Math is everywhere, it is in everything, and it is used every day; therefore it is not mystery that math and art go hand in hand. As it was expressed in lecture math plays many parts in art especially with the concept of zero, perspective, the Golden Ration, and dimensionality. Mathematics is used by artist and scientist alike to further expand their perspective of life.

A very important mathematical and scientific feat, thought of by Albert Einstein that greatly affected the artistic world is that of the fourth dimension; this idea as expressed in “The Fourth Dimension” was a “liberation for artist.” The Fourth dimension allowed artist to move away from basic linear and realistic drawing done on canvas and it moved them into more of sculpting and physical art forms. The idea of the fourth dimension allowed artist to elaborate on things they believed belonged in the fourth dimension such as: gravity, non-gravity, spiral, airlessness, synthetic forms, shadows, mirrors, and etcetera. The fourth dimension is expressed in various art forms such as writing and sculpting. Writers such as H.G. Wells, Edwin Abbot, and Charles Hitton dabbled with the Fourth dimension. H.G. Wells’s *The Invisible Man *and Charles Hitton’s writings are the best expressions of the idea of the Fourth Dimension. The fourth dimension is also expressed in paintings and sculpting. Kazimir Malevich’s “Suprematism: Soccer player in fourth dimension” is a painting of various different color squares in which one is looking at a soccer player (in all honesty I don’t see it but it’s a good example because he was one of the founding artist). Moreover Adam Chou’s “Fourth Dimension” is a stone nose looking sculpture that is different in every single direction you see it and that is supposed to represent the fourth dimension. Einstein’s theory of relativity translated into the fourth dimension which greatly impacted the artistic and scientific world; however there were other discoveries that helped the artistic world develop new artwork.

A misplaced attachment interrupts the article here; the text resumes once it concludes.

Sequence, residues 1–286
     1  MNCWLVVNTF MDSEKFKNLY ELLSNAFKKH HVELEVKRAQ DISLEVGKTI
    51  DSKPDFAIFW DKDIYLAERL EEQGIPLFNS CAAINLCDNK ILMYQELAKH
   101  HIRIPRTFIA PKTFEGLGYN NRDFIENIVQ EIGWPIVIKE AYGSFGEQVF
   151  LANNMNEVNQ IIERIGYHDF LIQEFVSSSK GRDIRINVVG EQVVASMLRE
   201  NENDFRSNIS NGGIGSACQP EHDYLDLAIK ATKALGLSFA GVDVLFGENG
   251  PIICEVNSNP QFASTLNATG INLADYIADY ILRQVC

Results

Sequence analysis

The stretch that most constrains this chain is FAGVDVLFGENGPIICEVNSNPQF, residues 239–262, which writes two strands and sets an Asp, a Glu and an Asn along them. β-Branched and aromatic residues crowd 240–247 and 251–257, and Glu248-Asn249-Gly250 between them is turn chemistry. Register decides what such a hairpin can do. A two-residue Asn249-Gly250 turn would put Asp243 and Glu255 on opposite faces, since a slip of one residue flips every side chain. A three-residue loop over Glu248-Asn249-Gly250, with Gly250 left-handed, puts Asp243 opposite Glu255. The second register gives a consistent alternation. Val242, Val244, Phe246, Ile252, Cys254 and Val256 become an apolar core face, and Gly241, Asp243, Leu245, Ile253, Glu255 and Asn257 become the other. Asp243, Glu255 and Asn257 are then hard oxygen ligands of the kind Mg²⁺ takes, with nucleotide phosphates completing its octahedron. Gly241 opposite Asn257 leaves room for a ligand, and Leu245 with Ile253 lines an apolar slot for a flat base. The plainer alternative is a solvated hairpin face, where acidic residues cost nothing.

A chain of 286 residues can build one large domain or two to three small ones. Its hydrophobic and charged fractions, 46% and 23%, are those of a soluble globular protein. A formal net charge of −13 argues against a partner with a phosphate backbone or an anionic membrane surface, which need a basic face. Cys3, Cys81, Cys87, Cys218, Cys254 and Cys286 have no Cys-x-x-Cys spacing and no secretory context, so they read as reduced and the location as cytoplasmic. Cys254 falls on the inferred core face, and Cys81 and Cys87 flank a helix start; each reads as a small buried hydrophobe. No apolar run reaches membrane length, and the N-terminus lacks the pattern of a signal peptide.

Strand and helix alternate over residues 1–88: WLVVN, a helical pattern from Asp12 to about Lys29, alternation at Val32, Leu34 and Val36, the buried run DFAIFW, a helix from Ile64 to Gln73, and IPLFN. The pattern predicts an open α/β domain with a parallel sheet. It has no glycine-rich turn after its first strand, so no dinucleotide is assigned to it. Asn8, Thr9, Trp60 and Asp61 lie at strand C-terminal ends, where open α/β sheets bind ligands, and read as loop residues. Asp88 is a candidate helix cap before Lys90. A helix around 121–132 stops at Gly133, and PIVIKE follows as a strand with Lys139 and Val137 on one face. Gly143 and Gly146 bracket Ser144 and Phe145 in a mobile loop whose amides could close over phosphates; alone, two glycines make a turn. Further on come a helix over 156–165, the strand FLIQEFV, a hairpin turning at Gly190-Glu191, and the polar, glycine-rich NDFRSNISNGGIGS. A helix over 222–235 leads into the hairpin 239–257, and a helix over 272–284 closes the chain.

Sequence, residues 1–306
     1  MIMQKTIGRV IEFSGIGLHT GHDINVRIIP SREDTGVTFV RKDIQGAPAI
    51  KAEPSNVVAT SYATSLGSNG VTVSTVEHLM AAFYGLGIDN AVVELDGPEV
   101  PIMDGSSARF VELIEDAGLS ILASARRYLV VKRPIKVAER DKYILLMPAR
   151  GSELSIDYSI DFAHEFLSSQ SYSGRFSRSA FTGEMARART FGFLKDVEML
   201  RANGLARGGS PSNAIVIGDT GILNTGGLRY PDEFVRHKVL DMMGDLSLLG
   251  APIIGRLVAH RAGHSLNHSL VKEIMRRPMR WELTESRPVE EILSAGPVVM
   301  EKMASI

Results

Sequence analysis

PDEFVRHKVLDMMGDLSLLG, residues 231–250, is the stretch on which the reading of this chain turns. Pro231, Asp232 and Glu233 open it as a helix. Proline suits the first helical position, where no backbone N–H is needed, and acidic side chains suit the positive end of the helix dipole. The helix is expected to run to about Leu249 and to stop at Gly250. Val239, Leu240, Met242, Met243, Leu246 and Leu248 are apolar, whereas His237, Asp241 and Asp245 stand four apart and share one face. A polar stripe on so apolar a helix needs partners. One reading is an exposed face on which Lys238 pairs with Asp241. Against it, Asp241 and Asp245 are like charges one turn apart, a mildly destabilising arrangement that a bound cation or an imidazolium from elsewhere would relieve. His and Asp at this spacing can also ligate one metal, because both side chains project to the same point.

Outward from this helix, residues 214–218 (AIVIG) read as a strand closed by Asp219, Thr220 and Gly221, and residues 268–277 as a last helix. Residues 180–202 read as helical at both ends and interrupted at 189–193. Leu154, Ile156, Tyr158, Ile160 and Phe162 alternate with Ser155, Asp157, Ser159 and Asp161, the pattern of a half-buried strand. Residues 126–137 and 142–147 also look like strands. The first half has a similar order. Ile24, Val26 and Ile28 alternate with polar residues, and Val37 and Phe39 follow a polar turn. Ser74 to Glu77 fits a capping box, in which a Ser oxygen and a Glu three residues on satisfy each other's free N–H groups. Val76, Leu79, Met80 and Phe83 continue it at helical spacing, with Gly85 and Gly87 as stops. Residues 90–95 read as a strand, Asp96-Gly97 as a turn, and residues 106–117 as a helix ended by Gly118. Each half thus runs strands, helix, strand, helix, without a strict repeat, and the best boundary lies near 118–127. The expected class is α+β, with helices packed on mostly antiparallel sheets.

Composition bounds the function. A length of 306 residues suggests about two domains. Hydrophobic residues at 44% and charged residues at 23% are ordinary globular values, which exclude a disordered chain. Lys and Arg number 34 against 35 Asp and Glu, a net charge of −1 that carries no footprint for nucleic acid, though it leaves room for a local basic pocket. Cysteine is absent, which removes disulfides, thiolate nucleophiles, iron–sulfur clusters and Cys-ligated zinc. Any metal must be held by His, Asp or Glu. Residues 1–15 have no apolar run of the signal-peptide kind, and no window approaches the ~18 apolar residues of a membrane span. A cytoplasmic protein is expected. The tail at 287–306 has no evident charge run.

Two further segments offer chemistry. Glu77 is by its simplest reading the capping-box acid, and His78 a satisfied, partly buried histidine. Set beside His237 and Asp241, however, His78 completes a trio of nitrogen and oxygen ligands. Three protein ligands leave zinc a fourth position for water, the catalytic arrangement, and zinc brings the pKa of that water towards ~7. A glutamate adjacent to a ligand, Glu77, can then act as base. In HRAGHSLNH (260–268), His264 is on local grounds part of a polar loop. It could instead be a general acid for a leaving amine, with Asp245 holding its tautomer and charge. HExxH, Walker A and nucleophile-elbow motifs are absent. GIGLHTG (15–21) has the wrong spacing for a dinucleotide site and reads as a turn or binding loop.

The Golden Ration and the number or non-number zero. The Golden Ratio can be expressed as 1.6180339887498948482 or as phi. The Golden ratio is a natural ratio that is seen in nature and is the most appealing to the eye. Because the golden ratio is the most appealing to the eye it has been naturally included in art. In architecture the golden mean has served to make the Parthenon in Athens and even the great pyramids of Egypt by creating structurally and decorative proportions of these structures. Moreover, the Golden Mean has been used in some of the most famous paintings of all time such as “Dance at Bougivial” by Pierre-Auguste Renoir, or “House of Parliament” by Monet, and Salvador Dali’s “Persistence of Memory.” Not only is the Golden Ration a revolutionary mathematical concept for art but so is the number zero. The number zero is a fairly new number considering it was just taken into consideration in the sixteen hundreds but in the beginning when it was just becoming well known artist considered this number a new art project. The idea of zero is very similar to infinity and sometimes they are even used interchangeably by people, therefore Helaman Ferguson took this knowledge and created this sculpture “Zero to Infinity in Nothing Flat.” Moreover, this new art of Fractals also considers the number zero in its makings as is expressed by Pollock’s Fractals. The Golden Ratio and Zero are two well known mathematical concepts that are amazingly being mixed into art when it would seem that neither should blend together.

Math is a subject that relates to almost everything in the world, but what is more amazing that this subject can be translated into beautiful art work when it is mere logic and patterns. The idea of the Fourth dimension, the Golden Ratio, and Zero are all very strong influences for art work of various different forms such as architecture, literature, painting, and sculpting. This just goes to show that two things such as water and oil can mix.

Dafne Luna